Re: Never Say Never

Paul Madsen replied on my blog “Never get lost again while federating“:

I don’t have quite the same amount of faith as Bavo De Ridder does in Liberty Alliance’s new intro to our specification set.

I know I’ve heard ‘recalculating’ countless times from another system that makes the same claim.

Liberty Alliance’s new representation of their specifications may not be perfect (and it surely isn’t) but at least it is a step up from the previous list of PDF files and will hopefully make it more clear to some people.

In the last few weeks I had to explain several times to people what federation was and what it isn’t and how the different specifications relate. At the same time, some people caught me on some errors and corrected me. People familiar with federation probably know there is a lot of misinformation out there, not in the least from vendors and in particular their sales-force. For the moment federation seems to be the magical bullet that will solve everything costly identity management suites apparently are not capable to.

Simple graphical representations, like the one Liberty Alliance has placed on their site, surely help in clarifying some of the misunderstandings out there. It is however only a (very) small part of the overall picture, a picture that is getting more complicated by the day and therefore harder to grasp. Graphical representations are not that magical bullet either, you still need to understand each of the blocks individually.

But all this still leaves my question standing:

Is there anyone out there brave enough to take all existing identity work and show their relationship in one graphic?

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Never get lost again while federating

I was reading through the blogs of Paul Madsen and I came across this posting about an update to the site of the Liberty Alliance. One very nice addition is this Flash animated navigator for all the Liberty Alliance specifications.

This reminds me of the famous graphics showing all the XML specifications known at that time.

Such graphical representations sure help people to stay up to date with the multitude of emerging specifications and their relationships. Is there anyone out there brave enough to take all existing identity work and show their relationship in one graphic?

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Data cleansing just became a lot easier

Novell has released a first version of Novell Enforcer. They blogged about this earlier. The tool supports the process of data cleansing and control in three different phases:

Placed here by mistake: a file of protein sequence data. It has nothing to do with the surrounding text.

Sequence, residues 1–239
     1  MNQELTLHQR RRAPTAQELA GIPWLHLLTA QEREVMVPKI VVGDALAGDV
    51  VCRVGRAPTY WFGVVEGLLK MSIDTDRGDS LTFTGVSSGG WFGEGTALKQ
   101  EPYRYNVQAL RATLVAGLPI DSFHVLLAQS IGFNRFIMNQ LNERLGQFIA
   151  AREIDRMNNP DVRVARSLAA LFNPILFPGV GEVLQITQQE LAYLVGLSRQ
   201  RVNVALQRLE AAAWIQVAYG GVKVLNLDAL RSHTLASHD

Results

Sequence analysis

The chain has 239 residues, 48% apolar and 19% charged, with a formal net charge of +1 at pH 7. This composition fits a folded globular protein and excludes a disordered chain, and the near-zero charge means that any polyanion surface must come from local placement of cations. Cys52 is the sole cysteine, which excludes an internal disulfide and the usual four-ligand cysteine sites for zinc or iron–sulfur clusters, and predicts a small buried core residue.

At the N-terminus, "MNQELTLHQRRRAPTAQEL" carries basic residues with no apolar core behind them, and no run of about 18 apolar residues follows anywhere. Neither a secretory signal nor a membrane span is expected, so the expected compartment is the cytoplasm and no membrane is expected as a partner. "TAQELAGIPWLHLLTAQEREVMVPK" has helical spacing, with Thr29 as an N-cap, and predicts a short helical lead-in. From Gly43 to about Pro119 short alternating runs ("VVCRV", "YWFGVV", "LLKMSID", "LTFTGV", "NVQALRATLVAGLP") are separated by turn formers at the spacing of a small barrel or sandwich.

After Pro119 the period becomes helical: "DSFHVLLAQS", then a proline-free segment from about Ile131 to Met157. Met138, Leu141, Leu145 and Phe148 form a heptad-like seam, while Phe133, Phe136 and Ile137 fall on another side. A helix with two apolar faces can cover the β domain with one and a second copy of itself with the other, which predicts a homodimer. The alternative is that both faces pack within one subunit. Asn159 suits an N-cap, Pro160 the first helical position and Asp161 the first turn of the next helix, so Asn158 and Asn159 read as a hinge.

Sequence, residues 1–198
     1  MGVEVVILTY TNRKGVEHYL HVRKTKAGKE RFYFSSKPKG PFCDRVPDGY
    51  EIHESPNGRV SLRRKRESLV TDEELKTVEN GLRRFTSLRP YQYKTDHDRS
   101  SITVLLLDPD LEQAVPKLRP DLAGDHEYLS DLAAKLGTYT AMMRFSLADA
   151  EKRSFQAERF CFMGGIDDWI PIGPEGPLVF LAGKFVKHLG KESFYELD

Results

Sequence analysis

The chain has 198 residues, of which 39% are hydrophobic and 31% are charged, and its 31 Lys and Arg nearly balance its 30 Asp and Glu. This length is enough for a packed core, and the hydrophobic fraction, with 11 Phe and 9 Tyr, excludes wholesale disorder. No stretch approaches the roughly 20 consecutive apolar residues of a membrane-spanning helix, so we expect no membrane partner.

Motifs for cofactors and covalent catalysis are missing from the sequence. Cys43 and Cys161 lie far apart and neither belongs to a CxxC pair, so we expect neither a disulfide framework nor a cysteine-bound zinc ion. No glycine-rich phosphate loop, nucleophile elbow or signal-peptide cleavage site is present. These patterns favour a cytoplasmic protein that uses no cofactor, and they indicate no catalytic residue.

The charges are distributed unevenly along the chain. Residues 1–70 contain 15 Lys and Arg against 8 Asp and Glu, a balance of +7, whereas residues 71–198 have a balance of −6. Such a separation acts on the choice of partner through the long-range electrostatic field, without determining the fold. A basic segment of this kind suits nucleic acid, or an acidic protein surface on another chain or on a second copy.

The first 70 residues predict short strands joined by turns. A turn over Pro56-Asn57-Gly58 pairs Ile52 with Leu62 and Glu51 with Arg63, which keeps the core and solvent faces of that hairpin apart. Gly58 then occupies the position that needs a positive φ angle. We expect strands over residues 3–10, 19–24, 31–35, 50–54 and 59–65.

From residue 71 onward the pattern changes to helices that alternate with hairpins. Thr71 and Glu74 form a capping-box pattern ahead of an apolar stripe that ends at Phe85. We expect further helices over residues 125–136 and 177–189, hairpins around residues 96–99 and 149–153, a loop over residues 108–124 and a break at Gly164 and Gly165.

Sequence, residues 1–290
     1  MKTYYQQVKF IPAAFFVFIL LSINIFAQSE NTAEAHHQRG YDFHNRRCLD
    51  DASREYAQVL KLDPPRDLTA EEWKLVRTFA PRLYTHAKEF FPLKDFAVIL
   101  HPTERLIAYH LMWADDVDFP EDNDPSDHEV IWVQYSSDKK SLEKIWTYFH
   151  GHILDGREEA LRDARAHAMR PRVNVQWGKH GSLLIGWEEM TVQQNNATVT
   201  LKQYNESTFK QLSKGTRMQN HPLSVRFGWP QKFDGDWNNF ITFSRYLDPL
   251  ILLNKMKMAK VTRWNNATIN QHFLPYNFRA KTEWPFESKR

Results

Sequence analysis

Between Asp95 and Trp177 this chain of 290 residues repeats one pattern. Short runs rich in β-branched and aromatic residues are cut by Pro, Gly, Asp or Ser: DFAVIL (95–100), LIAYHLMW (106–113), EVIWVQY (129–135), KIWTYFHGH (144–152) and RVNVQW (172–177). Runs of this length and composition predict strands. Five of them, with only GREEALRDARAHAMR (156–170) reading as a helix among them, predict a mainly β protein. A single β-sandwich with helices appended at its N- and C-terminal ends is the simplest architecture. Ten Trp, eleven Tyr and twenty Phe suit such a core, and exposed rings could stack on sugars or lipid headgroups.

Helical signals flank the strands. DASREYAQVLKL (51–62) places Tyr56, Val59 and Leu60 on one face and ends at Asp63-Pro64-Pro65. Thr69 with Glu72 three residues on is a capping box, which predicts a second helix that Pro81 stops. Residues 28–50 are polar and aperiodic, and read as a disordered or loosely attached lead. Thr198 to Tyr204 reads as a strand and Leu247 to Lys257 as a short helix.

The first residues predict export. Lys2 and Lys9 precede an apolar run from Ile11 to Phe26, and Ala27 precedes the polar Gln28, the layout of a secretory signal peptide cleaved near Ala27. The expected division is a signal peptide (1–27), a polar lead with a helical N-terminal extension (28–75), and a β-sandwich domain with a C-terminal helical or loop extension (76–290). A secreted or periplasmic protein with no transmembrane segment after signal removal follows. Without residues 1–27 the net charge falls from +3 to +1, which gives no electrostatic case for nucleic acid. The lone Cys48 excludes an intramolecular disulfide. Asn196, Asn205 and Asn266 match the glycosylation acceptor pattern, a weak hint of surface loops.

• In the first phase, dubbed “Analysis“, the tool gives you a deeper insight on the quality, content and structure of the identity data in the various repositories.
  • The next phase, dubbed “Enhance“, helps you to correct erroneous data, create a consistent structure and overall enhance the quality of the identity repositories.
  • The last phase, dubbed “Control“, aids you in creating the necessary policies in the Novell Identity Manager product to keep the data consistent and clean.

This looks like a great tool and I can’t wait to lay my hands on this little gem! Up until now data control and cleansing had been a one-time job mostly implemented using a battery of quick and small scripts.

Today, Novell has shown us that data cleansing and control is not a one-time step but a continuous process that deserves a front row seat in your I&AM architecture.

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Craig, don’t help spammers!

Craig Burton’s blog is on my blogroll. Yesterday I wanted to comment on a recent post of him about Onfolio and Firefox. The form asked me to insert my email address. Thanks to the amount of spam I receive I have become very reluctant to enter my address. Sites just have no clue about how to deal with them. There are numerous sites posting entire mail archives with no obfuscation whatsoever to protect email addresses. On Craig’s site, I pasted my XRI contact service url (http://xri.net/=bavo.de.ridder) which would allow both Craig and his readers to contact me.

Sadly enough, the form came back to me, telling me that I should enter a real address. Hmmm, so I had to give my address. Knowing Craig’s reputation I assumed to following:

  1. Craig uses the email address to confirm a real person was posting and I would probably get a confirmation mail I had to respond to before my comment would be published.
  2. Craig would then be smart enough not to publish my email address or at least obfuscate it enough to keep it safe from spammers.

Feeling slightly more comfortable, I entered my real address and hit submit. A few seconds later (actually a lot of seconds later, his site must be on a 32kbps line), the post was submitted. I went to my mail reader to hit “get mail” but nothing had arrived yet. Going back to Craig’s site I discovered that: